The Vermont senator calls for transparency, and for Democrats to oppose bill
Senator Bernie Sanders (I-VT) on Sunday blasted his Republican colleagues for secretly negotiating their Obamacare replacement bill behind closed doors and without public scrutiny, calling on Democrats to take a stand against the legislation.
“This is completely unacceptable,” Sanders told CBS “Face the Nation” host John Dickerson. “Nobody can defend a process, which will impact tens of millions of Americans, and nobody even knows what’s in the [legislation]…The reason they don’t want to bring it public is because it’s a disastrous bill, I suspect similar to what passed in the House.”
The outcome of the secret negotiations would impact about one sixth of the American economy, pointed out Sanders, who similarly slammed the House bill, which passed in May.
“It was the worst piece of legislation, frankly, against working class people that I can remember in my political life in the Congress. Throwing 23 million people off of health insurance is beyond belief,” said Sanders.
As ThinkProgress reporter Amanda Michelle Gomez reported earlier this month, Senate Majority Leader Mitch McConnell (R-KY) is rushing to bring the Republican health care bill before the Senate for a vote by July 4, before Congress leaves for August recess.
To that end, McConnell fast-tracked the health bill by implementing Senate “Rule 14”, which allows the Senate to bypass the committee process — and thus a full committee debate — by placing it on the senate calendar for a vote.
Even many Republicans are being kept in the dark said Sanders, noting that this tactic underscores issues with the bill that Republicans would have difficulty defending, such as cutting Medicaid in favor of giving tax breaks to the wealthiest Americans.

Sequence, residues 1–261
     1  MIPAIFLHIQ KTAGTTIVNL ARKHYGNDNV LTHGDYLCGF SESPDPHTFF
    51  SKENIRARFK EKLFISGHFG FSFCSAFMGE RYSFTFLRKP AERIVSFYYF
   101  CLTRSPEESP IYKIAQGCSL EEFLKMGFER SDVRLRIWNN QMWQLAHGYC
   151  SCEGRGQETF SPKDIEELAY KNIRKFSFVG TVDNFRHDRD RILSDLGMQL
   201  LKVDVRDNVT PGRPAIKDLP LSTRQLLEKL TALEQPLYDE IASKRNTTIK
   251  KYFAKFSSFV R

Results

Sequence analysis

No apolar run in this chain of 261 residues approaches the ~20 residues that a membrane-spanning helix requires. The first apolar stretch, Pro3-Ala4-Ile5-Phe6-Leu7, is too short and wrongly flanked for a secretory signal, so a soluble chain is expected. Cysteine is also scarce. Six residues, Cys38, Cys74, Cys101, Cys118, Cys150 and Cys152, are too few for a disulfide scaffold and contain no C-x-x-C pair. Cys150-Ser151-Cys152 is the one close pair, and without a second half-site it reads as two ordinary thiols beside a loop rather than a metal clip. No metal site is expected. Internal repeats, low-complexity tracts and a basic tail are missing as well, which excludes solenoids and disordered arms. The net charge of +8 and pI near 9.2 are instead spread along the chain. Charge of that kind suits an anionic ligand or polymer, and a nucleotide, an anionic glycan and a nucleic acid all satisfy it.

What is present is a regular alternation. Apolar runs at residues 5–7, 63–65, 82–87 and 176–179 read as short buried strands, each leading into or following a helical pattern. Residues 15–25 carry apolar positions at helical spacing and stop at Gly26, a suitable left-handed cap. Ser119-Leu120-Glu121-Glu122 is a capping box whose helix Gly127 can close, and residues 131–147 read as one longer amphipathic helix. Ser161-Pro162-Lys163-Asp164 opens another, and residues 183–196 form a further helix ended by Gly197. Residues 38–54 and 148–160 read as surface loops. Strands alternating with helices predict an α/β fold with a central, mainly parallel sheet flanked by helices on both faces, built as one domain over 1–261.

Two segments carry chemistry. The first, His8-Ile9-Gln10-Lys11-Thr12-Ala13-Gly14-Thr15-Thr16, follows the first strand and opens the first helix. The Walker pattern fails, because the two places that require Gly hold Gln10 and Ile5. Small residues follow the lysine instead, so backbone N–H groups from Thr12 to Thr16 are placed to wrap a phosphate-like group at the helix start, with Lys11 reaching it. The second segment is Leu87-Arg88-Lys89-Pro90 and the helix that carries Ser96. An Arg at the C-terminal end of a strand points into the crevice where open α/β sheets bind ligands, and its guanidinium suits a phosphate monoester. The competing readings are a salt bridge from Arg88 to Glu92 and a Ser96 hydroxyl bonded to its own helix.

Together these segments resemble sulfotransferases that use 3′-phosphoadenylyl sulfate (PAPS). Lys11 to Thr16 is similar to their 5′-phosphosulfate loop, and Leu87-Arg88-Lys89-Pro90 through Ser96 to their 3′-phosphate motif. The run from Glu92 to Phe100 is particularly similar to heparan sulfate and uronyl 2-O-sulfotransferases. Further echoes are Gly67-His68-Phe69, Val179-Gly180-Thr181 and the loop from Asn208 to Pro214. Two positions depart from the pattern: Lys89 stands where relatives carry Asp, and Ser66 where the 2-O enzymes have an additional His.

“So they want to keep it secret, they don’t want the media involved, they don’t want members of Congress involved,” Sanders told Dickerson. “And at the last minute they present it, they push it through and that is one sixth of the American economy and millions of people thrown off of health insurance. That is unacceptable.”
The closed-door process has Republicans concerned as well.
“I’ve said from Day 1, and I’ll say it again,” Senator Bob Corker, Republican of Tennessee, told the New York Times. “The process is better if you do it in public, and that people get buy-in along the way and understand what’s going on. Obviously, that’s not the route that is being taken.”
McConnell defended his approach, telling the New York Times there have been “gazillions of hearings on this subject” over the years.
For Sanders, the only solution is full transparency, and on Sunday he called on Democrats to “do everything they can to oppose” the Senate bill.